Maybe the 80’s were just the time for bad movie trailers, but once again, this promo tries to make what is objectively a fantastic and fun romp through horror feel entirely too serious. With nothing to go on but gory clips and a very dry narrator, the slapstick elements come across as bad special effects instead of the over-the-top comedy moments that they’re meant to be. It’s likely fans of the first movie knew what to expect, so maybe they were able to overlook the tone of the promo, but as far as attracting a new audience, we think this trailer simply missed the mark.
Hell House LLC (2016)
Shaky cameras. A ton of jump scares. Fairly typical horror fodder. If you walked away from the Hell House LLC trailer thinking same old, same old, you wouldn’t be alone. But the actual movie is far better than the trailer implies. It has everything in the trailer, but because it’s spread out and used far more precisely than as simple horror effects, they serve the exact right tone for each terrifying moment. Hell House LLC is one of the better found footage films out there and the only reason we can think of that it isn’t more popular is simply bad promotion.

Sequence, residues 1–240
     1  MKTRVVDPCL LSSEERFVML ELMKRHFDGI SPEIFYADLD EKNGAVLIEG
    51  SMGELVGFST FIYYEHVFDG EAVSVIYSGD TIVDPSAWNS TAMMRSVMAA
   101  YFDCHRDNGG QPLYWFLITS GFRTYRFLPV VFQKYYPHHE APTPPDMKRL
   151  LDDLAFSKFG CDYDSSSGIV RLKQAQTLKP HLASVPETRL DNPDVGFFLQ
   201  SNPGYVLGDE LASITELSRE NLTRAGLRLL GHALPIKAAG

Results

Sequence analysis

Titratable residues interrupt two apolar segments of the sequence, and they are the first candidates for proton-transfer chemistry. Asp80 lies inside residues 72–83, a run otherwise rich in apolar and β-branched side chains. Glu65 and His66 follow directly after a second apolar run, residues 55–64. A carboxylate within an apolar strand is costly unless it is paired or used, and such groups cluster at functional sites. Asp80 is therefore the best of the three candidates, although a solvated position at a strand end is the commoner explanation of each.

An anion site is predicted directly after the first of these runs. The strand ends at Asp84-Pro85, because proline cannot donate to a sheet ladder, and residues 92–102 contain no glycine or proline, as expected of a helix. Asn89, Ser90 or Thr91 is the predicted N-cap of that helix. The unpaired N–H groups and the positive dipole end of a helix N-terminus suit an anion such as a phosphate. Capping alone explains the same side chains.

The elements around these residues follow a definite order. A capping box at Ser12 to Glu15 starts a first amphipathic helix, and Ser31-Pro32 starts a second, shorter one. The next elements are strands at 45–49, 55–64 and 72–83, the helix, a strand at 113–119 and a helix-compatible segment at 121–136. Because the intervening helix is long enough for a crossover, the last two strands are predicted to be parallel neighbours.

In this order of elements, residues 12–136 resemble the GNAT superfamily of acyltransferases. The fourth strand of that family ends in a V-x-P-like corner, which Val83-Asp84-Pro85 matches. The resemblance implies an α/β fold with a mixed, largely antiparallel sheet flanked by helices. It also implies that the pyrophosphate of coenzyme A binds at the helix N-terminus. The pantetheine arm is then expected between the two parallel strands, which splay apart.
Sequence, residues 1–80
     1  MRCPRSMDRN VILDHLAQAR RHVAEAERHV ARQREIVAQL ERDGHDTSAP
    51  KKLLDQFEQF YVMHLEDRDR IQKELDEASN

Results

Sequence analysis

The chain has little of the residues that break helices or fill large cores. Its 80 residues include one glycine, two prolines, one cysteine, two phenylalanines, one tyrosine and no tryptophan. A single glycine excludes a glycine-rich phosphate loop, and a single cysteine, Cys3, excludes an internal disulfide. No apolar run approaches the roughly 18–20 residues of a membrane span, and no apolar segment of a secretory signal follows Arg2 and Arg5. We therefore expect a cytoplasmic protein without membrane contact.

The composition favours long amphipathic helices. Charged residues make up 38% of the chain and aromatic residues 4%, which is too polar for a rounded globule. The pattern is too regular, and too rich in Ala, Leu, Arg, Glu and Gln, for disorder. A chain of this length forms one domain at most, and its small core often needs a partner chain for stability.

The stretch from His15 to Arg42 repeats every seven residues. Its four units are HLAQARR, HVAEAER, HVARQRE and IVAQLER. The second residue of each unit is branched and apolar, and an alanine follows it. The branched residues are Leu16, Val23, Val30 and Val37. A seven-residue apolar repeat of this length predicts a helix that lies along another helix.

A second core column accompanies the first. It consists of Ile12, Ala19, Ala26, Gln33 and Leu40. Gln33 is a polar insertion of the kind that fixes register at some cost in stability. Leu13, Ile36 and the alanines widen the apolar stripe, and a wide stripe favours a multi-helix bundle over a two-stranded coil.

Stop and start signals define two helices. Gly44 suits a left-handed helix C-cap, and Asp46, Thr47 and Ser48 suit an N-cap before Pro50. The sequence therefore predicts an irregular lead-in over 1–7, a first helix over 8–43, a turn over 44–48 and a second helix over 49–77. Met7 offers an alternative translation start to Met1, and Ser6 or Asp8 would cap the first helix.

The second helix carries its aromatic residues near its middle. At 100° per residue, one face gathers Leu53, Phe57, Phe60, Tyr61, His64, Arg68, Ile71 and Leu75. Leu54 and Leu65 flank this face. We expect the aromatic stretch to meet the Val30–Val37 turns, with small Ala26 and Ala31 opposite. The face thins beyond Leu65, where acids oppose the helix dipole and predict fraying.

The Abyss (1989)
We don’t know if the nature documentary approach to the opening of the trailer was supposed to give the movie levity, but it comes across as flat and boring. Combine that with a lot of shots that either cut away before they reveal anything or very dramatic close-ups of very emotional clips, the promo for The Abyss does not do the movie any justice. It feels like a bad horror movie crammed into two minutes, when the reality is far different. A tightly paced, claustrophobic thriller with horror elements, it’s a spectacular movie that will keep you on the edge of your seat.
The Invisible Man (2020)
We’ve all watched trailers where it felt like a fast-forward version of the film, and if that’s how it felt watching the promo for The Invisible Man with Elisabeth Moss, we agree. The trailer does feel like it gives away some major plot twists, leaving little for the movie itself. But this remake is one of the better ones out there with plenty of surprises woven into the plot. Moss does an outstanding job drawing the audience into her character and we experience the terror and tension with her. It’s unpredictable and intense, even if the trailer misleads you into believing otherwise.